Characteristically, the tumor produces osteoid or immature bone. Radiographically there is extensive bone formation, often described as having a “cloudy” appearance (Figures 1(a) and 1(b)). Mixed areas of osteolysis and sclerosis are present. Predominantly osteolytic osteosarcomas are often a more aggressive type (Figures 2(a), 2(b), and 2(c)), where the abundant osteoid matrix has not mineralized. In the pelvis, a cortical breach and associated soft tissue masses are often present (Figure 2(b)) [7], and involvement of flat bones may be more frequent in older patients. Plain radiographic appearances remain the gold standard in the specific diagnosis of OGS. The role of MR is to define the extent of the neoplasm, associated soft tissue masses and relationship to adjacent neurovascular structures, with a view to planning management. Care must be taken not to obscure the tumor/marrow interface by using T1 post-gadolinium sequences without fat suppression. MR typically reveals a large soft tissue component, with heterogeneous high and low signal on both T1 and T2 [7, 8], and fluid-fluid levels can be appreciated in osteosarcomas (Figure 2(c)). Secondary aneurysmal bone cyst formation is encountered in a wide variety of benign and malignant bone neoplasms in addition to widely known giant cell tumor and telangictatic osteosarcoma [9, 10]. It has been noted that the most common malignant tumor demonstrating fluid-fluid levels is the conventional osteosarcoma and the most common benign lesion is an aneurysmal bone cyst [9, 10]. Preoperative chemotherapy has dramatically improved the survival rates of osteogenic sarcoma.

Figure 1: Conventional osteosarcoma. Elderly male presenting with a history of lower back pain diagnosed as conventional osteogenic sarcoma following biopsy. Anteroposterior (AP) radiograph (a) and axial CT scan (b) of the pelvis reveal aggressive bone-forming neoplasm involving the left ilium (asterisk). Follow-up axial T2 fat-saturated image (c) after tumor resection demonstrates an osseous metastasis with a characteristic peripheral halo (Arrow), which should not be confused with a metallic susceptibility artifact.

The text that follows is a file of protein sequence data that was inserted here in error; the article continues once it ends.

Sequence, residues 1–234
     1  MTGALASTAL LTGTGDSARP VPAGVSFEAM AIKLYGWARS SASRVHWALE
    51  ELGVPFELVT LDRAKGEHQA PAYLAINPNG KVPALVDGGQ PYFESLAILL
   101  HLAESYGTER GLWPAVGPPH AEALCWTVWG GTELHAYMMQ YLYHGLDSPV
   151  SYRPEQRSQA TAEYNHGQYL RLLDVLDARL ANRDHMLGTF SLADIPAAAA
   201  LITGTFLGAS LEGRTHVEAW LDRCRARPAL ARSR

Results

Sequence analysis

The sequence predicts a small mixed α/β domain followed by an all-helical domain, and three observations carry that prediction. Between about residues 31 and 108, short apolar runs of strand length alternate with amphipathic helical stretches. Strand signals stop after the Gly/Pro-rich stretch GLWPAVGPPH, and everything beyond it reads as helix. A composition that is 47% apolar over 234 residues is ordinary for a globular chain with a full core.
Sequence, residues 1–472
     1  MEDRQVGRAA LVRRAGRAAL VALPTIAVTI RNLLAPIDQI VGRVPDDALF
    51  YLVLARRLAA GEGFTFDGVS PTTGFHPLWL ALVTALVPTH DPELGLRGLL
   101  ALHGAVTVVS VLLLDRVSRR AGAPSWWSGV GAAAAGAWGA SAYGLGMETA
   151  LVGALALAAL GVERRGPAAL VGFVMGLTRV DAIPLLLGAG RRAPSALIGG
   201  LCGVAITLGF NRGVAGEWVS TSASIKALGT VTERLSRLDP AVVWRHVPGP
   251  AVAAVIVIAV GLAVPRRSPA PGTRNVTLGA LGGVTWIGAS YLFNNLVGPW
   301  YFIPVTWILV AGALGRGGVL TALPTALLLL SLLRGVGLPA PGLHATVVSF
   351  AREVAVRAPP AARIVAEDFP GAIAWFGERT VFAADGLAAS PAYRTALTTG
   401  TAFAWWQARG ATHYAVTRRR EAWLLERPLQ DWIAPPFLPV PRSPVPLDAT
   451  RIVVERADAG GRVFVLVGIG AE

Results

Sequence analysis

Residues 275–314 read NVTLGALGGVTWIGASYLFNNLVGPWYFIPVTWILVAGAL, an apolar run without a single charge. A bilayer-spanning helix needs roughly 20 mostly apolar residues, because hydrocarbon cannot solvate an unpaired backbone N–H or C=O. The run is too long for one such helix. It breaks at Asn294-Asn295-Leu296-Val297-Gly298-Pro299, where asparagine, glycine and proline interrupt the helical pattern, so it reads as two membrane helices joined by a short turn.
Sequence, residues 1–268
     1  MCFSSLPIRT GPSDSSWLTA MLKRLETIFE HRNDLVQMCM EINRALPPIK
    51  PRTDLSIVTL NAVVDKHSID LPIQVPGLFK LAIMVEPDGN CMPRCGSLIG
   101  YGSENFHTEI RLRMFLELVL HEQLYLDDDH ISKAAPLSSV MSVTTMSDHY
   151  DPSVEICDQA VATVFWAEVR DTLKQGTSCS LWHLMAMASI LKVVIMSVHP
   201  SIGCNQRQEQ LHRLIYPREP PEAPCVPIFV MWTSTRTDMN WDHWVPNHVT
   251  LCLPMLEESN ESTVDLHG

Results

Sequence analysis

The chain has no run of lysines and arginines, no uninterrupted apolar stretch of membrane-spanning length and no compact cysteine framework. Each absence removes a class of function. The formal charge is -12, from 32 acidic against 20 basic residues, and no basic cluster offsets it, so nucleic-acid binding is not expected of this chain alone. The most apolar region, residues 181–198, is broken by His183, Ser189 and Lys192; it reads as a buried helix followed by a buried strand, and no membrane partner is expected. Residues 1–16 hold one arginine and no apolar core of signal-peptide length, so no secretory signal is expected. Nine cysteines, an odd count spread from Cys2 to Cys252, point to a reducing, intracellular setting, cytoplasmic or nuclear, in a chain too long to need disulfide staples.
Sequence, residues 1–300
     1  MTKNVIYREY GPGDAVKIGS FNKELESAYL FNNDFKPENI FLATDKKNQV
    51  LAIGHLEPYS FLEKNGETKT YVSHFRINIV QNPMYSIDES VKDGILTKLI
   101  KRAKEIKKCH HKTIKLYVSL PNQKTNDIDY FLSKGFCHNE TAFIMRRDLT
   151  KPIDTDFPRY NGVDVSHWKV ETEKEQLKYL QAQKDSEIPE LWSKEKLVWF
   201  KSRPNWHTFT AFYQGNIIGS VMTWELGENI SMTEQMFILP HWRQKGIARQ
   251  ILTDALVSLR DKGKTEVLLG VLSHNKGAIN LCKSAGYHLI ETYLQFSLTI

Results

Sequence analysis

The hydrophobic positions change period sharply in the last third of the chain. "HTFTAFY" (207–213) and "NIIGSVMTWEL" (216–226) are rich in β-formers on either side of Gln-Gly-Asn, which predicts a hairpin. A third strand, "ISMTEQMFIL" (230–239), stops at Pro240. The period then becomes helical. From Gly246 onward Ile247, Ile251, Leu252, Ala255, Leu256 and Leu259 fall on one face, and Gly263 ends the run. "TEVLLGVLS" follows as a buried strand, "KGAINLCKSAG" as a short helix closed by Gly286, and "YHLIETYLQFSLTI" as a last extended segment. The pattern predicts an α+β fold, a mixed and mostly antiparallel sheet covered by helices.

Figure 2: Osteolytic osteosarcoma. A 35-year-old female presenting with left hip pain diagnosed with aggressive lytic osteosarcoma. AP radiograph (a) demonstrates a subtle lytic lesion (arrows) in the left superior pubic ramus extending to involve the medial acetabulum. The extent of this predominantly lytic lesion with pockets of dense osteoid matrix is better appreciated on axial CT (arrows) (b). Axial T2 fat-saturated image (c) of the same lesion (arrows) depicts multiple fluid-fluid levels (arrowheads). The patient underwent left hemipelvectomy with placement of saddle prosthesis (SP) (d). A shell of heterotrophic ossification formed around the prosthesis (arrows) (e) is an expected finding, which helps stabilize the prosthesis and should not be misinterpreted as recurrence.
3.2. Ewing’s Sarcoma (ES)

The pelvis or sacrum is involved in 20% of ES cases. 75% of patients are between 10 and 25 years old [8], while, in those under 5, metastatic neuroblastoma is more probable. They often present with subtle plain film findings (Figure 3(a)), where ill-defined, permeative, or “moth-eaten” bone destruction is a major feature of ES best appreciated on CT (Figure 3(b)) [8]. Periostitis is often exuberant, frequently displaying an onionskin or laminated appearance. The soft tissue element may be extremely large, especially in pelvic disease (Figures 3(b) and 3(c)). The mass may contain calcifications and lead to diagnostic confusion, raising the possibility of osteosarcoma or chondrosarcoma. Due to the wide spectrum of radiographic appearances, ES can mimic most malignant and a few benign entities, including osteomyelitis, eosinophilic granuloma, and giant cell tumor [8]. A useful discriminator is the presence of benign periostitis, which should lead one to consider the benign entities listed above. ES is often associated with a characteristic large soft tissue component, often serving as a clue to the correct diagnosis.